I think it’s on all of us to deliver the thing that means the other ones aren’t required. That’s all of the CEOs’ jobs.

Inman: You say it’s up to the CEO’s to create that differentiating factor that sets them apart. What is that factor? What are you doing?

Berkowitz: Our view is we can’t compete on mass marketing dollars, nor should we. We’re spending all of our energy into user experience and what happens when a consumer actually raises their hand and says, “I need help.”
We think that’s the differentiation. Our platform can not have every single person going to it. But every person that does go to it has a better shot at getting the right information faster, and then meeting the right professional faster, and then getting whatever they came for. We can do those things faster and more often.

Inman: How are consumers encountering the Movoto brand? For example, CoStar made a big deal of their Superbowl ad and their billion dollar spend. Whether you like their product or not, I understand how I might encounter it in the wild. What’s your strategy?

Berkowitz: The main way people meet us is typing in, “house for sale in [a specific location].” Google’s been ranking us and we are the only company that ranks in the top 10 of search — sometimes we’re positioned two, and sometimes we’re positioned eight — nationwide at scale that is not a publicly traded company. That’s the main way.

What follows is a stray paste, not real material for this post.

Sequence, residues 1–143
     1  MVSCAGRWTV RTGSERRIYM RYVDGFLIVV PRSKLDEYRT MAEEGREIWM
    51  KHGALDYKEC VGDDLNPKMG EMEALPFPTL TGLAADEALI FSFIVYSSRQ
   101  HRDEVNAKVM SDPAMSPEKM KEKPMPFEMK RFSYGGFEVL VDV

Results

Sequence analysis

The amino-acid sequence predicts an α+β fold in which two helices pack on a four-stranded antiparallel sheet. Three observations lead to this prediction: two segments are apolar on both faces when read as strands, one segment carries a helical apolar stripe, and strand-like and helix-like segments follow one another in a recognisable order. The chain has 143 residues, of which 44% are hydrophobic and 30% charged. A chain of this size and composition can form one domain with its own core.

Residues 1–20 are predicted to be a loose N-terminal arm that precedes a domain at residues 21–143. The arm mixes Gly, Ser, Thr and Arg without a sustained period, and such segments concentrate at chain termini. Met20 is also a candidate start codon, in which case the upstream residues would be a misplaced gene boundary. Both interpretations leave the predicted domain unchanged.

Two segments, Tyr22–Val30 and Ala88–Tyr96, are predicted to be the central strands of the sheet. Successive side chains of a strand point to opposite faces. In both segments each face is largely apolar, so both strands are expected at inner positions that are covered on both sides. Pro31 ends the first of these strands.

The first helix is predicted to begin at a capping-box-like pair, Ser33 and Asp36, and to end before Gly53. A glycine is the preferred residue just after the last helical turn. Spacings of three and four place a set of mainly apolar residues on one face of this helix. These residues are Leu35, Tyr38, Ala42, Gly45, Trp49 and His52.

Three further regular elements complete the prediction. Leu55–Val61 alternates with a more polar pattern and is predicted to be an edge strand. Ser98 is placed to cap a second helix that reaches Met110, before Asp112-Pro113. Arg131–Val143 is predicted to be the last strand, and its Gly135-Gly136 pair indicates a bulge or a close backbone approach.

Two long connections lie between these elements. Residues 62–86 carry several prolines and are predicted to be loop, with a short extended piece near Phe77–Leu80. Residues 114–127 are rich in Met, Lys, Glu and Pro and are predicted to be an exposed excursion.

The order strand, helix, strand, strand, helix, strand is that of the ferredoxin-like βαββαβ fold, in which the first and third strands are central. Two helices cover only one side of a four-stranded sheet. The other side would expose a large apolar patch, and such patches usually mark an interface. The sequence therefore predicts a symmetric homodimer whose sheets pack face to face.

Agents are also starting to introduce us to consumers. So there is some brand awareness to Movoto, but not anything compared to our competition. So really the main way is the search engines.

We will change that this year. We will start telling the world in very small specific ways who we are. We’ll do radio, we’ll do these other things. Nothing on a mass scale but in places that we have really good agent coverage we’ll do specific campaigns to build awareness.

The average house that people find on our platform and transact with our real estate agent partners are average Americans. First time home buyers. People who have the odds stacked against them in housing. And some of that may be that we’re not the biggest brand.

Inman: Talk to me more about being the portal for the common man. I’ve never heard anyone make that pitch when it comes to this space before. Why isn’t Zillow the portal for the common man?

Berkowitz: Look the American dream, is alive more than ever. The dream part of it. But we know statistically, the barrier is higher than it has been in a very long time. And consumers know that.

So I think the more authentic you can be, the more consumers are like, “oh, I’m gonna take the leap to fill out a lead form, ask a question, message somebody.” If you’re seeing all of the expensive ads bumping in your face, that doesn’t scream, “oh, I’m gonna be able to talk to someone and afford this.” None of that screams to an average American who’s busting their butt, worried about their job, who wants to buy one bedroom more for their growing family or their first home, that a $300,000 house is gonna be attainable to them.

Inman: What specifically is your ambition? Other portals have openly talked about being number one. Do you want be to number one?